Cleaning Up, One Corner at a Time

New York is lobbying hard to host the Republican convention in 2000. It is a classic odd coupling, as if the Democrats were to meet in Salt Lake City. But New York does have a Republican mayor and, despite being on his party’s left, he has many accomplishments pleasing to conservatives-the latest being his move against the sex industry.

The building inspectors move in first with notepads. The notepads are for describing, in the inimitable antiprose of law enforcement, the prohibited activities they observe in strip clubs and topless joints. So entomologists describe bug-sex, or the President describes his own sex. Next come the padlocks.

The lamps are going out all along the runways; we shall not see them lit again in our lifetime. If the Republicans do come to town, and any of them want to feel nasty, they will have to go to the Brooklyn waterfront. Has any porntrepreneur considered running a shuttle? Or would it cool a customer’s ardor to take a 40-minute van ride to Cythera with six strangers? Suppose you got stuck in the Brooklyn Battery Tunnel? What do the rules of civility prescribe for conversation in such situations?

The beauty of the Mayor’s strategy is that it outflanks the moral and constitutional arguments by ignoring them. No parsing the Delphic utterances of the Supreme Court; no huffing and puffing with earnest spokesmen of the New York Civil Liberties Union on the local talk shows.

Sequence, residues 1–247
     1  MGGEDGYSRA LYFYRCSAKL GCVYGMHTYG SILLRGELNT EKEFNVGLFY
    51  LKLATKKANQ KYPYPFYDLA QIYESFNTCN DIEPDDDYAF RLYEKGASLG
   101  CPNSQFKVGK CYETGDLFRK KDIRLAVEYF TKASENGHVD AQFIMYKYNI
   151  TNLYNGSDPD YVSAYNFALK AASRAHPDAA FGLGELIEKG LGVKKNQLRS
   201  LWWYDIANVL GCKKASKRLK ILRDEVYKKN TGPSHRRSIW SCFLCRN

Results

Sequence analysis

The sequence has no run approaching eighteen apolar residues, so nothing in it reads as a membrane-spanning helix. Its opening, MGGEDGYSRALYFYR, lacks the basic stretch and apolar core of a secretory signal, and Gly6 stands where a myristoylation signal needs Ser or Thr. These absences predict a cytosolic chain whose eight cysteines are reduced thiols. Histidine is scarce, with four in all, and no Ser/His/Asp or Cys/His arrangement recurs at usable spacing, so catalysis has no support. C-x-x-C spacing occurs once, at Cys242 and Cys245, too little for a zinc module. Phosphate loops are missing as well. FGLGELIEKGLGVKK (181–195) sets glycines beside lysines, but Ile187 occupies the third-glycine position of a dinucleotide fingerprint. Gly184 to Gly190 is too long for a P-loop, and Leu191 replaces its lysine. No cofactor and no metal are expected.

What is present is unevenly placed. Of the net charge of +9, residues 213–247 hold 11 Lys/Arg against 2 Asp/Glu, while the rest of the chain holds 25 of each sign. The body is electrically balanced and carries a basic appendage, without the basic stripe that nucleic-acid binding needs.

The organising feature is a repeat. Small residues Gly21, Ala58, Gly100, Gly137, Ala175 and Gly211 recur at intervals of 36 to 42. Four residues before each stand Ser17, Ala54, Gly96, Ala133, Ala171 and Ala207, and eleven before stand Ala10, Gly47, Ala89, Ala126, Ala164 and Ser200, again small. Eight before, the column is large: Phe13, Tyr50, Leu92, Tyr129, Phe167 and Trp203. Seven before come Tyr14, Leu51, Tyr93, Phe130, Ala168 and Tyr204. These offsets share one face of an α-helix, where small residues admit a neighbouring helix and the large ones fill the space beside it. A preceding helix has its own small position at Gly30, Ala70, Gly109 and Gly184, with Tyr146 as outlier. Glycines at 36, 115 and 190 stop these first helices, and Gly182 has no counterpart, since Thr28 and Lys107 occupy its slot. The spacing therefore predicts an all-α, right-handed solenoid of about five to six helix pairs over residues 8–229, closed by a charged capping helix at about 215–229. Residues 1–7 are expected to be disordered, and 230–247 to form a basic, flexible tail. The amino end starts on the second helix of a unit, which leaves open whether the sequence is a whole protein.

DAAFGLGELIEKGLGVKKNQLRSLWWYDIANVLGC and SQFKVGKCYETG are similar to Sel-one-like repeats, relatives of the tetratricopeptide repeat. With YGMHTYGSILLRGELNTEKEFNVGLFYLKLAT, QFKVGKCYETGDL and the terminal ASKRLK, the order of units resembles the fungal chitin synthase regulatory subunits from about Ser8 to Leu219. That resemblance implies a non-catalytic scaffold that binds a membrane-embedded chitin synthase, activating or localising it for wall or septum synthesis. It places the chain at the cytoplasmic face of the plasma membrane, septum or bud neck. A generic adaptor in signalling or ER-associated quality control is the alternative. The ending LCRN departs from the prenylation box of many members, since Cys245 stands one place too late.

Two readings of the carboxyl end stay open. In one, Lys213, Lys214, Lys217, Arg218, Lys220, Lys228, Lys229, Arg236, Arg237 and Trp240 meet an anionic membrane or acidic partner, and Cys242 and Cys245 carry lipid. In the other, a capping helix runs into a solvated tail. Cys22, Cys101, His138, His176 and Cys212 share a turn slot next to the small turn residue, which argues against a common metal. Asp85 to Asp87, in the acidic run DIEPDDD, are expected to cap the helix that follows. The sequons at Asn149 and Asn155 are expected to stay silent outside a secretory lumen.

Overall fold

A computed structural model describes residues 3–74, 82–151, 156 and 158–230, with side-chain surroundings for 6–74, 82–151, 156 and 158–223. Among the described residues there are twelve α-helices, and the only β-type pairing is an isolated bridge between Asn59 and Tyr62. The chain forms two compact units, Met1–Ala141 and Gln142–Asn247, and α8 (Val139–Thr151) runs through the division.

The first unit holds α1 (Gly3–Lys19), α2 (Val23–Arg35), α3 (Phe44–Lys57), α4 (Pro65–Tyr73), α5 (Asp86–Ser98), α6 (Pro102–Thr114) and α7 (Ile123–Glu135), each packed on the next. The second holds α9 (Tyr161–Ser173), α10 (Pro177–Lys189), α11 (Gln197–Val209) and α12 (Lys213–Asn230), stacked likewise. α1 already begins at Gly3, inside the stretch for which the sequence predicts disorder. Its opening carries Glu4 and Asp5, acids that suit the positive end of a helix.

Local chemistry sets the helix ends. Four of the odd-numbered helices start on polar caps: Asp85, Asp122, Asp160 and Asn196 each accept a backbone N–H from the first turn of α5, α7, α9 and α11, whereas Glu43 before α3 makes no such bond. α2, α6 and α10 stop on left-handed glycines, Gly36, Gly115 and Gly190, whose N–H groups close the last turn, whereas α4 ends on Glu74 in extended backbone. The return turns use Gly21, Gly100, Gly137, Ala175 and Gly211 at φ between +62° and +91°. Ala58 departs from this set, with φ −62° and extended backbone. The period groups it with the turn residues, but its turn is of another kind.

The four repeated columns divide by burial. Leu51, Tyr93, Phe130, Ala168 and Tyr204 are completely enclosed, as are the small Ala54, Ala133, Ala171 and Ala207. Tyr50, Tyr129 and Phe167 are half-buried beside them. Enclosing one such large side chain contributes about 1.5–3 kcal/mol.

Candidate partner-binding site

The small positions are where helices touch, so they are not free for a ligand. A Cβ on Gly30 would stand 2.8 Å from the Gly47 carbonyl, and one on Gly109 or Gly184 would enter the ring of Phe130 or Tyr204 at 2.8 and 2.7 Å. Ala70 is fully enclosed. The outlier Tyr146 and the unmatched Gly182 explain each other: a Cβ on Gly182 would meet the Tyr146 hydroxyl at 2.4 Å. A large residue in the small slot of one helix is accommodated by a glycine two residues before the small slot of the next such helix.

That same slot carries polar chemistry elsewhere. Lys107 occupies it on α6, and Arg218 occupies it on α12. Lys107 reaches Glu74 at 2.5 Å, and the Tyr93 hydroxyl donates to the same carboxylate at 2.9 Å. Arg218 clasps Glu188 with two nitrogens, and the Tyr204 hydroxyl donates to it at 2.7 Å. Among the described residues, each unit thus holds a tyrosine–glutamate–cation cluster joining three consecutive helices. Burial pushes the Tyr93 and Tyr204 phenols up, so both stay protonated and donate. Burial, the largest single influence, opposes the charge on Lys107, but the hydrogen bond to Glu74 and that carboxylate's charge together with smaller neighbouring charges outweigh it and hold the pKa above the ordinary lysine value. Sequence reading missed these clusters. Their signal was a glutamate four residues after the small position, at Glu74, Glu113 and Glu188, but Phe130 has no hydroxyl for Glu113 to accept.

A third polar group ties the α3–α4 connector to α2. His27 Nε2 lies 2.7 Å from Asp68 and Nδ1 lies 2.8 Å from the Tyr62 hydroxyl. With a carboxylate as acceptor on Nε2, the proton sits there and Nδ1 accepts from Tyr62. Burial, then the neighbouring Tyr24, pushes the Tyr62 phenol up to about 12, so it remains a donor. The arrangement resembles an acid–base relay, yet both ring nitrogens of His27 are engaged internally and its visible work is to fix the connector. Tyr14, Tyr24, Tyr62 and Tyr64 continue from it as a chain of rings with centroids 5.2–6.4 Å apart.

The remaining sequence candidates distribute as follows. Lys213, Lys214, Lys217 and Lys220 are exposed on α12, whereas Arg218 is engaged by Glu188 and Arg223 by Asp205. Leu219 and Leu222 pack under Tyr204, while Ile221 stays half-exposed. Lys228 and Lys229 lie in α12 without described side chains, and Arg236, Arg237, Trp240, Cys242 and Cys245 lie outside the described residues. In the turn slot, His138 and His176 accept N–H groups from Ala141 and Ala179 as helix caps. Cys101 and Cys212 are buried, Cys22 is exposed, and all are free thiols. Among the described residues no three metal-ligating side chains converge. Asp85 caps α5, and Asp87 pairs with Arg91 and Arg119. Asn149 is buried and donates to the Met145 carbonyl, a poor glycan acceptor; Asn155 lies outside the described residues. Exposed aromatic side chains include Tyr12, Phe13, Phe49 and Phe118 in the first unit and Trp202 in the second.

Irving Kristol said liberals are people who think it’s all right for a 18-year-old to take off her clothes in public for money, so long as she earns the minimum wage. It’s still all right. But even as liberals have blandly pretended for years that they really think sex shows are the same thing as the editorial pages of newspapers, so the city now blandly argues that its only concern with sex shows is a matter of tidy urban land use. Its fib trumps their fib. It is still legal to mime sex in New York, just as it is still legal to bury a body or to run a junkyard. But the first activity, like the others, can now be done only in certain godforsaken places.

The great issues are still unjoined. The Constitution is as misunderstood today as it was the day before. The culture is still a carnival of hormones. No one can object without being made to feel that he is some mullah from the Sudan. All this is true, and bad. But-the businesses have to move, or change (clothes on the dancers, G-rated videos in with the XXX).

There is a value to small improvements. Cleaning up a corner, though less exciting than saving the world, is easier, and 10 or 20 clean corners start to give the world a different appearance.

What of the great literary ritual of mourning, the end-of-an-era piece in the newspapers, or the local magazines? (Journalists, however liberal they may be, have odd reactionary quirks; creatures of habit themselves, they celebrate the dying life styles of others.) There will not be many end-of-an-era pieces on the sex industry, because they already have been written. Over the last few months, one topless bar on Sixth Avenue scored a grand slam, eulogized in The New York Times and The New York Observer .